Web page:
Having a smile with bright white teeth is the dream of many. To achieve this, simple and effective methods are used, such as maintaining good oral hygiene or including toothpastes with whitening effects in your oral hygiene.
Despite this, you may wake up one day and notice that one or more of your teeth have taken on a darker shade or even turned black.
Do not be alarmed! Although it is rare and usually painless, it is essential to see your dentist, as this could be a symptom of an injury to your teeth.
In this article we will explain the possible reasons why one or several teeth could turn dark.
stains on teeth
It is normal for your teeth to become darker over the years. This is because the enamel becomes thinner and its optical properties to reflect light are altered. However, maintaining good oral hygiene helps prevent your teeth from becoming pigmented and darker than they really are.
Unfortunately, a diet rich in dark foods loaded with pigments such as coffee and red wine is capable of progressively altering the color of your teeth despite your care.
Therefore, it is essential to assess whether the color change is in all the teeth, and with a similar shade between them, or if it is an isolated case. Generally, when all teeth are affected equally, it is due to diet, problems with oral hygiene or habits such as smoking. However, if the discoloration occurs in just one tooth, it may be due to a larger cause that needs to be addressed promptly.
Trauma and pulpal death
One of the most common reasons a particular tooth turns dark is due to trauma or accidents.
A strong blow against the tooth is capable of breaking the blood vessels located inside it and creating a small hemorrhage inside the tooth even though there is no fracture.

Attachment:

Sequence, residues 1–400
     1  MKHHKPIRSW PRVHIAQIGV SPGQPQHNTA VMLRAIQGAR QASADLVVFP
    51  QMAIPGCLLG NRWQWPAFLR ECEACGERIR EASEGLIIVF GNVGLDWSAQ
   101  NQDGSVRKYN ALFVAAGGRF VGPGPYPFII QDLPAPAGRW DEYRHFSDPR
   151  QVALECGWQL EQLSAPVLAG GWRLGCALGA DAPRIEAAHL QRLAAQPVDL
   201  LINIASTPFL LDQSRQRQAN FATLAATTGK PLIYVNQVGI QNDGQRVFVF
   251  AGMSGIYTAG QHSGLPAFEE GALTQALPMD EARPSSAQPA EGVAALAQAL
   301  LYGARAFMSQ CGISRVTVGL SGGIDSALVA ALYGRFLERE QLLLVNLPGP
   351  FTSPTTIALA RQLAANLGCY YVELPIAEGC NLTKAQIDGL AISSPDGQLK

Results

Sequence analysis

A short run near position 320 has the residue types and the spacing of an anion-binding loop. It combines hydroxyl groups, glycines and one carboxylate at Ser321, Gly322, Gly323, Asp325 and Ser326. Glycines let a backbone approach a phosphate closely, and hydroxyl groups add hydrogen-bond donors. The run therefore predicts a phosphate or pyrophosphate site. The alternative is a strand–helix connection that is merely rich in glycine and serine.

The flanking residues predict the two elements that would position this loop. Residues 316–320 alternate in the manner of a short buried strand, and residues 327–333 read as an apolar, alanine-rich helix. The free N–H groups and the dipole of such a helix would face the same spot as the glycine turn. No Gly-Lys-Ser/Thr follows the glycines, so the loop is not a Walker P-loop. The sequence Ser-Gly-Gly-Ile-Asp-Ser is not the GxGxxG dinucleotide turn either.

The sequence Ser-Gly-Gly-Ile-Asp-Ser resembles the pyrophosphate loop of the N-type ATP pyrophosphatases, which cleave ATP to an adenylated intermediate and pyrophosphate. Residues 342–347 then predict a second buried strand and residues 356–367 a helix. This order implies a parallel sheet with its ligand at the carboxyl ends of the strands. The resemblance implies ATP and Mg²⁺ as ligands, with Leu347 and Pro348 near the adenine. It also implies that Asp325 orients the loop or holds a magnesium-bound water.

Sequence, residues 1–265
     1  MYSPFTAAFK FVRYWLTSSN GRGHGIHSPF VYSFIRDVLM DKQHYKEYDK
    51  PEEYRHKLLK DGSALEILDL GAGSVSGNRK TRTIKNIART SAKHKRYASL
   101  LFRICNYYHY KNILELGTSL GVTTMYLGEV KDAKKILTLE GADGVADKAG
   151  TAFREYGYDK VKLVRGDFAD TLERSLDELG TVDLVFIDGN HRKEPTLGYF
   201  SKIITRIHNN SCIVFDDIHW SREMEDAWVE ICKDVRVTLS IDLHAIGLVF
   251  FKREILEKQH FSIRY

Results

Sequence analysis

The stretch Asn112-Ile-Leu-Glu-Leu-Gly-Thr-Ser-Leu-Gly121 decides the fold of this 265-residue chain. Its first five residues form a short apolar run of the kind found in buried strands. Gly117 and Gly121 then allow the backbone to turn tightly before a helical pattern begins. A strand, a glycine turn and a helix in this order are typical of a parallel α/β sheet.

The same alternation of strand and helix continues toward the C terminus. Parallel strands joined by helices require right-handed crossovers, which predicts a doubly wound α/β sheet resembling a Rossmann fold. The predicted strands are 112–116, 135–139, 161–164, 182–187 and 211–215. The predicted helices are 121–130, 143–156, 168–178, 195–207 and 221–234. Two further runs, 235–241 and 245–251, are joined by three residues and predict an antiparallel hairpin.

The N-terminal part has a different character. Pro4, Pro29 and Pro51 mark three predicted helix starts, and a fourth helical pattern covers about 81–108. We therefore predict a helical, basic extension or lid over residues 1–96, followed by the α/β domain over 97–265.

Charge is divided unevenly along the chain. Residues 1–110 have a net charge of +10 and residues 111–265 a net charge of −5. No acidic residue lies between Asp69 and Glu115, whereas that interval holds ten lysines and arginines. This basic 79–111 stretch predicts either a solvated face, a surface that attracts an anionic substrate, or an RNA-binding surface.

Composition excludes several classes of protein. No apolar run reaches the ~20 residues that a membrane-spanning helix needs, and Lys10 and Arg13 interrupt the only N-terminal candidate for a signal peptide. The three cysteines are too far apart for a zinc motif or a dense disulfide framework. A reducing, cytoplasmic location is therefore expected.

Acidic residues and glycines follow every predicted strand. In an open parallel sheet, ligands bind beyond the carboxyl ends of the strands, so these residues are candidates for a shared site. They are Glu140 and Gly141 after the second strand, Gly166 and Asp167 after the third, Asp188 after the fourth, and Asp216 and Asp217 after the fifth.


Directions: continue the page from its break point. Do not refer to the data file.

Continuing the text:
The released blood penetrates the dentin and gives a dark color to the tooth from within. It is usual for the color change to occur days after the accident and not immediately.
However, a dental accident is not the only reason. Once the dental pulp dies, the tooth also turns dark after some time.
Caries and amalgams
Sometimes it is possible to see dark spots through the enamel depending on the shape of the cavity and its location.
An extensive carious lesion on the back or side of an incisor may show through the enamel, giving it a dark appearance. However, the color change could instead be a restoration.
Although they are not as common today, an amalgam restoration could be the cause of the discoloration. These materials tend to oxidize over time and release pigments that give the tooth a dark gray hue. Fortunately, this does not present any health risk and is only a cosmetic defect.
Tooth color changes are extremely common even with the best of care. However, on some occasions they are synonymous with dental problems, especially when there is only one affected tooth.
It is essential that you visit your dentist to determine the cause of the color change and take the necessary measures. This way you will keep your mouth healthy and your teeth will shine again.